But in the city of Falluja, a former insurgent stronghold which was the scene of major US offensives in 2004, people burned US flags on Wednesday in celebration at the withdrawal.
"No-one trusted their promises, but they said when they came to Iraq they would bring security, stability and would build our country," Ahmed Aied, a grocer, told Reuters news agency.
"Now they are walking out, leaving behind killings, ruin and mess."
Concerns have also been voiced in Washington that Iraq lacks robust political structures or an ability to defend its borders.
There are also fears that Iraq could be plunged back into sectarian bloodletting, or be unduly influenced by Iran.
This is more than a little awkward, intellectually. He [Obama] is papering over the cracks between what he has always thought and what he has to say to the country”
Mark Mardell
BBC North America editor
Read Mark's thoughts in full
The conflict, launched by the Bush administration in March 2003, soon became hugely unpopular as claims that Saddam was hiding weapons of mass destruction and supporting al-Qaeda militants turned out to be untrue.
It descended into sectarian conflict, costing tens of thousands of Iraqi lives.
Mr Obama announced in October that all US troops would leave Iraq by the end of 2011, a date previously agreed by former President George W Bush in 2008.
Nonetheless, a recent poll by the Pew Research Centre found that 75% of Americans backed the troop withdrawal.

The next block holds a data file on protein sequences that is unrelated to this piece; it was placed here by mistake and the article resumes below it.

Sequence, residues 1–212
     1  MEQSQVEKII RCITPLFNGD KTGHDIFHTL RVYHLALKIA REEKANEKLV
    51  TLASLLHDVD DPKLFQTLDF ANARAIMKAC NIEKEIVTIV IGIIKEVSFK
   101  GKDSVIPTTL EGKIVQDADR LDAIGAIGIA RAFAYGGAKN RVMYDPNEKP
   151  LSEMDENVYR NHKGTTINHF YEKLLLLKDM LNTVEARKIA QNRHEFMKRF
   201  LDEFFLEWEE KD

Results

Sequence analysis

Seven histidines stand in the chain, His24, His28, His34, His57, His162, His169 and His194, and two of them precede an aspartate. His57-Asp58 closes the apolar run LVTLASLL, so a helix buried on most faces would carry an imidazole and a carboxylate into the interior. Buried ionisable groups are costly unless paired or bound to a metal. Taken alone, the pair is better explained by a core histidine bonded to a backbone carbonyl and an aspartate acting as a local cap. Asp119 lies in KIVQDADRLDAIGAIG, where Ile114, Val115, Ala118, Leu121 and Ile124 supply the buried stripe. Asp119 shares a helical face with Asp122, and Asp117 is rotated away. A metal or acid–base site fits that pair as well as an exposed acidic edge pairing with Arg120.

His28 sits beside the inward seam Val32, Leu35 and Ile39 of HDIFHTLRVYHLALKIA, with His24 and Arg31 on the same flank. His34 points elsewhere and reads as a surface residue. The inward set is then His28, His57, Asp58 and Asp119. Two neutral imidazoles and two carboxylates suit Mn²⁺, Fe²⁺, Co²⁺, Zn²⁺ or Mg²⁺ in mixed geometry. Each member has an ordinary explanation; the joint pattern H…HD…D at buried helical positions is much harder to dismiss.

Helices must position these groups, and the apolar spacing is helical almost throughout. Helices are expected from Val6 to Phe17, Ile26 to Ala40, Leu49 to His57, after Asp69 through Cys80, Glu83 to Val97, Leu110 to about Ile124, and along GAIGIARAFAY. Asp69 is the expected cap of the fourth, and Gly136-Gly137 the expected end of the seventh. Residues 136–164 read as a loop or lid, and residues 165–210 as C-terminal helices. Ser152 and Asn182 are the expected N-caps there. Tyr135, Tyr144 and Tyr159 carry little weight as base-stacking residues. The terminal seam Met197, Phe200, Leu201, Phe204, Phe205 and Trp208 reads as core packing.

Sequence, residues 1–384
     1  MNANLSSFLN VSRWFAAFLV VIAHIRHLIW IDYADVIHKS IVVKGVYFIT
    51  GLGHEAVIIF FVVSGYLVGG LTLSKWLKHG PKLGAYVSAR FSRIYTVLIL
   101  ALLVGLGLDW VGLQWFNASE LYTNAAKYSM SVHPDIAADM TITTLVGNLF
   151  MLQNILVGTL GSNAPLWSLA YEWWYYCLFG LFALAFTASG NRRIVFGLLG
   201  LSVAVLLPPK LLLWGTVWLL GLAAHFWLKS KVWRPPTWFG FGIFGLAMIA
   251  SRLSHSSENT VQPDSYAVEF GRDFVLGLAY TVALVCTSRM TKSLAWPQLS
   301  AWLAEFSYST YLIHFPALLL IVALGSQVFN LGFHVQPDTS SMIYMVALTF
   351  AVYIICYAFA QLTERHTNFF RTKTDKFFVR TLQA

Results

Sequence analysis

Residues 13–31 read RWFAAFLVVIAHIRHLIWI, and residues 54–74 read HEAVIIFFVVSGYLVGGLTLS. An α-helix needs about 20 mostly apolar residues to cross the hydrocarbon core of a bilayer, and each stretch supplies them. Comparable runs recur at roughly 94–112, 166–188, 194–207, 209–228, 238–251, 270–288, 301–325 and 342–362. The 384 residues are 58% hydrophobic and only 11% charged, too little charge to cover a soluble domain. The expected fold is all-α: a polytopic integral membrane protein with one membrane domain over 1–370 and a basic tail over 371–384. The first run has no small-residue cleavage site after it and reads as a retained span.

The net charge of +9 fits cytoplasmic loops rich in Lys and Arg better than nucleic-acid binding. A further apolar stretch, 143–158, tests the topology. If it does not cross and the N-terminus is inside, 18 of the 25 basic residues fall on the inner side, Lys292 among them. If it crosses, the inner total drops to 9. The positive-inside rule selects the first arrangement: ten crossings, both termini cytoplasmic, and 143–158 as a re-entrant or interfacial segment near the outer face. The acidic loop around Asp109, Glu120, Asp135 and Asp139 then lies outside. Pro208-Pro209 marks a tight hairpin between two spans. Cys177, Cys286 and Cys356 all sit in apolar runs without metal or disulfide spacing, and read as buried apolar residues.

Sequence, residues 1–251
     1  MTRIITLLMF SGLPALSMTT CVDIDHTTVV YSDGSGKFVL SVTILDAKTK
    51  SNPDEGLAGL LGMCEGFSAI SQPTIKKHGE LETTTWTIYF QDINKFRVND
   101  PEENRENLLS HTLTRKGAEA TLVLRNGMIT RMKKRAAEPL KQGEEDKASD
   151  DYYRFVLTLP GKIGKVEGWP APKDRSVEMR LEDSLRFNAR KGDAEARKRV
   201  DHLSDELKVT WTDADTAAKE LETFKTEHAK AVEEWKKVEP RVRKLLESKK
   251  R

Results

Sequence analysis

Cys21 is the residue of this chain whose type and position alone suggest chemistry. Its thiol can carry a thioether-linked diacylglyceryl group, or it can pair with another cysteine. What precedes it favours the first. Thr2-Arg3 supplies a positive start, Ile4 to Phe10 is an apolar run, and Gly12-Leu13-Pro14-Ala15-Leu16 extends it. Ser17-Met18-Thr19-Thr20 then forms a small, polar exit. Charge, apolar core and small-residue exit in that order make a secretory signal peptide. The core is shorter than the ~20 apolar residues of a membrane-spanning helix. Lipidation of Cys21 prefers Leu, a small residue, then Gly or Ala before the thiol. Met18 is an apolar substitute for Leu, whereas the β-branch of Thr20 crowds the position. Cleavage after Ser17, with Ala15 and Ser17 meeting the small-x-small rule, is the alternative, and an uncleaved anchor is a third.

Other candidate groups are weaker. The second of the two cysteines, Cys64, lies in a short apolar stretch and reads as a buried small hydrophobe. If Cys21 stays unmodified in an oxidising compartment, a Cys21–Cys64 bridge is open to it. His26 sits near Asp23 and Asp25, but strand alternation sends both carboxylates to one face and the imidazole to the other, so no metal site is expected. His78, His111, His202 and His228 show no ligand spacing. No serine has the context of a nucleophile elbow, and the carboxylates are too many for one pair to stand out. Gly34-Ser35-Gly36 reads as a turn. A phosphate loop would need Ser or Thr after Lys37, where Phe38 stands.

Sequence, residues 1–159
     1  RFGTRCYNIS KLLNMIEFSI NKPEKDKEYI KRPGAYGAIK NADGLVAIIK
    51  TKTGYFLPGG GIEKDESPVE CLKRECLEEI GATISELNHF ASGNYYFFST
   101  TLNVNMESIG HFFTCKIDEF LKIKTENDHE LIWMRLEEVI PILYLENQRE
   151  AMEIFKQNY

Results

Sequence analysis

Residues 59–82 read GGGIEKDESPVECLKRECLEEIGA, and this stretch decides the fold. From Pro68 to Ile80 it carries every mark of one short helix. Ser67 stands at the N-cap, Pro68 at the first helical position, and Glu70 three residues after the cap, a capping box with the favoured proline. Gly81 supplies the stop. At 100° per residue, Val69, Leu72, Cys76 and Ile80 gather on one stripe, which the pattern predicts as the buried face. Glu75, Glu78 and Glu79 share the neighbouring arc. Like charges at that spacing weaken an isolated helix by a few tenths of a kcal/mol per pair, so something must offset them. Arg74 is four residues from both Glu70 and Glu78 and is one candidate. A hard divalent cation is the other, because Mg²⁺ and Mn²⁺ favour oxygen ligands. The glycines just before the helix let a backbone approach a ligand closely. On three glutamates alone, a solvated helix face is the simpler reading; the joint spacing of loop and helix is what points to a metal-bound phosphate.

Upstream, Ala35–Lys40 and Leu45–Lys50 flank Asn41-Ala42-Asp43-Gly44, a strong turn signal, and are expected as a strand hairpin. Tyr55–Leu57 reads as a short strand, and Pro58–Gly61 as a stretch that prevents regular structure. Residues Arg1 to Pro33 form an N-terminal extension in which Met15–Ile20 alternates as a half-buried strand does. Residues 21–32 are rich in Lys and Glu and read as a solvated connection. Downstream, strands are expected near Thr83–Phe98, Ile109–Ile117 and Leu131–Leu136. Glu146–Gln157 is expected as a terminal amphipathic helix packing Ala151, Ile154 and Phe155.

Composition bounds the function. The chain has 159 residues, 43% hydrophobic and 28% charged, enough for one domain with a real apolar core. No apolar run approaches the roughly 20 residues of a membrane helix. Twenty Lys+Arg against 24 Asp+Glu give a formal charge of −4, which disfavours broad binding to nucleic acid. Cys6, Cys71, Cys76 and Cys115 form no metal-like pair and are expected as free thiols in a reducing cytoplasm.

More on This Story
Struggle for Iraq
Timeline: US troops
Key moments from US involvement in Iraq since 2003 - in pictures and video.
Opinion divided
Mardell: Tricky rhetoric
Veteran's war
What next?
Iraqi women 'afraid for country'
Iran 'swayed' Iraq over US exit
Background & analysis
Iraq country profile
US a 'shrunken superpower'
Iraq war in figures
Iraq facts and figures
Watch/listen
Iraqis look ahead to US withdrawalSmugglers' risky crossing to Iran
Related Internet links
Iraq and Public Opinion - Pew
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Comment number 40.
Mysticalnubnub
Just now
nearly nine years too late.
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Comment number 39.
apc
Just now
So - yet another "destroy them and leave them" mission completed by the USA.

They should have mentioned that all the miitary bases will be kept open, many troops and equipment only being pulled back just across Kuwait and the USA will control the skies.

The most unconvincing is the 20,000 "embassy staff" they are leaving behind, when even the largest embassies only have 100 staff. Another scam.
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Comment number 38.
lapin-rouge
3 Minutes ago
In with a bang, out with a whimper, apalling US foreign policy. Obama is right to get out - shame that the country is now worse than before, yes the Iraqi's have freedom but no water, infrastructure or working hospitals.

100,000 Civilian casualties. Approximately, the US doesnt actually keep a tally.

I have to agree with a comment below: Bush + Blair have a case to answer in The Hague.
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Comment number 37.
Russel
3 Minutes ago
@ Darren...."terror states"? I suggest you get out from in front of your V or bar and visit some of the real terror states, and find out what life is like there. Talk to the real people and find out what they think of the USA & UK......you'll find them all busy filling in their US visa lottery applications....they know where they would rather live
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Comment number 36.
Pheelozzofey
11 Minutes ago
Ney, there is now crude oil on all flying fish and cruelsification even on zebra-crossings, with repeated encores everybleepmwhere on the formerly best planet. What'd Mr. Gore do? trolleying orcs, i have no clue. Casting ballots broadway, where the remote-control is.